by ANNIKA KINTZEL Jan. 10, 2020
Riley owned a set of stuffed animals: a little dragon that she named Phillip, after the prince in Sleeping Beauty; a black cat with green button eyes named Midnight, because he looked like midnight; and a tawny owl she named Logan, after her super smart brother.
Riley loved her stuffed animals almost as much as she loved her brother and mom, and she insisted on keeping one in her backpack when she went to school. She claimed that they were her best friends.
She insisted that they were real, that they came alive and played with her when nobody else was looking.
One day, one of Midnight’s eyes fell off, and Riley was devastated. Wailing in dismay, she begged her mother to fix it. She didn’t have any green buttons, so she took a purple button out of her tin, and she sewed it onto the cat’s face. Riley was so happy, and she took Midnight right back up to her room to show “the others.”
Logan came from around the corner. “Why do you humor her?” he asked his mother.
“She is still young. I wish I had that youth when I was her age.”
“But you were that young then. I don’t understand.” Logan furrowed his brow, confused.
His mother laughed. “You always take things so literally, Logan. I just had to grow up fast, that’s all.”
Logan nodded in understanding.
Riley grew older, of course. But she didn’t stop playing with her stuffed animals, still utterly convinced that they were real.
Riley was in the fifth grade and Logan in his junior year--when teenagers know everything--when their big fight happened.
“You have to grow up, Riley! They are stuffed animals! Your delusions of their being real are getting old and frankly, they are embarrassing!”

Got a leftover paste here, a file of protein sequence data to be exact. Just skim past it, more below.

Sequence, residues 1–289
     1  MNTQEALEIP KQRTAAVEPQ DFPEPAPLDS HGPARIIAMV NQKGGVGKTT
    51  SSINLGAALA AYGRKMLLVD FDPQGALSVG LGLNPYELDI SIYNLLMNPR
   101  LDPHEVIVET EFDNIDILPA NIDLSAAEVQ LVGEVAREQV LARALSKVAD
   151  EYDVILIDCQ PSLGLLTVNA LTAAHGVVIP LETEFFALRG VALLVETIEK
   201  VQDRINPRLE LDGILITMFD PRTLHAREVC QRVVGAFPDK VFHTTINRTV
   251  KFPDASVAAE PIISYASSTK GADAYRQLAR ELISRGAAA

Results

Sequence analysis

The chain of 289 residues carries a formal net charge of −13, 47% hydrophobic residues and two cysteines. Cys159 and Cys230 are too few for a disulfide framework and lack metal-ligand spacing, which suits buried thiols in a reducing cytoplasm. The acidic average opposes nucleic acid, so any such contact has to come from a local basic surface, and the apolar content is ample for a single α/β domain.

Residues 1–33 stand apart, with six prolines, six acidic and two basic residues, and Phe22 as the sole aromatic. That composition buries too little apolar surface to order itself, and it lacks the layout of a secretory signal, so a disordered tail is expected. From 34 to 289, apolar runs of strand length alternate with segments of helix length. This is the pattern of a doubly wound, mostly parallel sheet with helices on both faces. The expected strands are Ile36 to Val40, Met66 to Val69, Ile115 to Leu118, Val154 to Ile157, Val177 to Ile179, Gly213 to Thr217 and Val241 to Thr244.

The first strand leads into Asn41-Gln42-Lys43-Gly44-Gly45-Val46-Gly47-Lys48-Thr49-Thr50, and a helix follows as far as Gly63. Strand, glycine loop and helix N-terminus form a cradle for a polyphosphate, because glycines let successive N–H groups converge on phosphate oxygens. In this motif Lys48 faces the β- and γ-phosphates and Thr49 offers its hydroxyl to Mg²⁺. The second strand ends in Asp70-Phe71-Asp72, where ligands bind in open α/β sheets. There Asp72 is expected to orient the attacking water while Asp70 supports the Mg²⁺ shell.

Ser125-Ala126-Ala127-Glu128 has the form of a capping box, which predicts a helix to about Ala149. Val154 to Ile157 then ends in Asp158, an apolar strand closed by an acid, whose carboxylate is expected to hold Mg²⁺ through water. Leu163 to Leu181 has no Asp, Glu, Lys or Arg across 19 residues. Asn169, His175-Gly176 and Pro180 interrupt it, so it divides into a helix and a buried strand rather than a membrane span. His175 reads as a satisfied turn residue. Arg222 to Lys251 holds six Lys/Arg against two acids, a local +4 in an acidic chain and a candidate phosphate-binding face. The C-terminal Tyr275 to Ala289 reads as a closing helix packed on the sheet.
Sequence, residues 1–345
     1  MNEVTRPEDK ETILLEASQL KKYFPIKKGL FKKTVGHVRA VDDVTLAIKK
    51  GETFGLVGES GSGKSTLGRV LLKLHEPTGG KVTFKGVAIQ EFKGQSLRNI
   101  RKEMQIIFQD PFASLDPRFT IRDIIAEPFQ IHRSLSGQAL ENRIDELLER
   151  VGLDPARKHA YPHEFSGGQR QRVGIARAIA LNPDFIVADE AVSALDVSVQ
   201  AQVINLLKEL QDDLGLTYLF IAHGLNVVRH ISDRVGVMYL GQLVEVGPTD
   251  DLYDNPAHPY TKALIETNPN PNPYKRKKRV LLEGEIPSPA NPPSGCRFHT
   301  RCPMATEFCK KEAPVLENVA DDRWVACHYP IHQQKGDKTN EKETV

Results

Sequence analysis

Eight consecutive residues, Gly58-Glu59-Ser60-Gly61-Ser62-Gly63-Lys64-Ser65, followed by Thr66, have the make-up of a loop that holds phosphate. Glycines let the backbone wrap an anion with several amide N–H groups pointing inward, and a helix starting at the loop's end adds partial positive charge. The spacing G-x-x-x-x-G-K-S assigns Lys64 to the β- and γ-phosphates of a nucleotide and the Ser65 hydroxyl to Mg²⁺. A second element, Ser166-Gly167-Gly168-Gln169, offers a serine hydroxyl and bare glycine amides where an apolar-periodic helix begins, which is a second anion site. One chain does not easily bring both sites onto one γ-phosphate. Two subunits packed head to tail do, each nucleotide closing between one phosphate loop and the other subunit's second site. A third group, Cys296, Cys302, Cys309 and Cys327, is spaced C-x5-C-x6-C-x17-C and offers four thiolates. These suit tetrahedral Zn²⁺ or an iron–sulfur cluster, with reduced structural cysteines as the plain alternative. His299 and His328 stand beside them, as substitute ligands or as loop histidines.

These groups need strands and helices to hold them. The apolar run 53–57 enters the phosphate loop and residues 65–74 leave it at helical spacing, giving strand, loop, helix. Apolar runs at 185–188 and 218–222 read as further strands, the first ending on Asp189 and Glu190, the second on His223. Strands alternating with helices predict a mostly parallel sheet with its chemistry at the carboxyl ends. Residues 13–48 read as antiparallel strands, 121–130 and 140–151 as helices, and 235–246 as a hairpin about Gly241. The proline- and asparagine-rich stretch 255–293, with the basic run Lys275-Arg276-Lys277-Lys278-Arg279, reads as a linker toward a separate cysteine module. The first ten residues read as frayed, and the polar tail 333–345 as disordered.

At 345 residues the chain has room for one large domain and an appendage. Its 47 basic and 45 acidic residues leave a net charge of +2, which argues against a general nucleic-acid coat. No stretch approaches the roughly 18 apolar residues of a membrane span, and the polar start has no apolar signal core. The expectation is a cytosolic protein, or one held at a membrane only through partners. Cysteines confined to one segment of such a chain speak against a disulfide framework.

“No, they are more than just stuffed animals! They are real, and I’m not embarrassed by them!” she screamed at her brother. “Shouldn’t that count for something?”
“You just need to grow up. You’re being an immature brat!”
“You’re being the worst brother ever! I hate you!”
With that, Riley stormed off, wiping tears escaping from the corners of her eyes. Logan simply huffed, but he couldn’t ignore the tightness that had formed in his chest when she called him a terrible brother. It hurt more than it should have.
Later that night, Logan knocked on the door to Riley’s room.
“Riley? I need to talk to you.” He paused, prompting a response, but none came. “Look, I just want to apologize for what I said. I stand by the fact that you have a lot of growing up to do, but it was wrong of me to yell at you. I just want you to know that I am truly sorry.”
There was no response again.
Logan turned the knob and pushed the door open. Looking around his sister’s room, her green painted walls, her tie-dyed throw rug that she had made with their mother, the jungle bed sheets lying bunched up as if Riley had been crying into them.
The fact that Riley had been here was well supported, but Logan didn’t see her anywhere. The window closed, he opened the wardrobe. “Riley?” he called. “Riley!”
He looked around her room, skimming over the faded curtains, the colorful posters, and the drawings of animals on her dresser until his eyes landed on her stuffed animals-- Philip, Midnight, Logan, and…a teddy bear that Logan had never seen before. Picking it up slowly, he ran his fingers carefully over it, the brown fur soft under his fingers. He stopped as he felt crooked thread sewn into the back of its head. He turned it over and almost dropped the bear.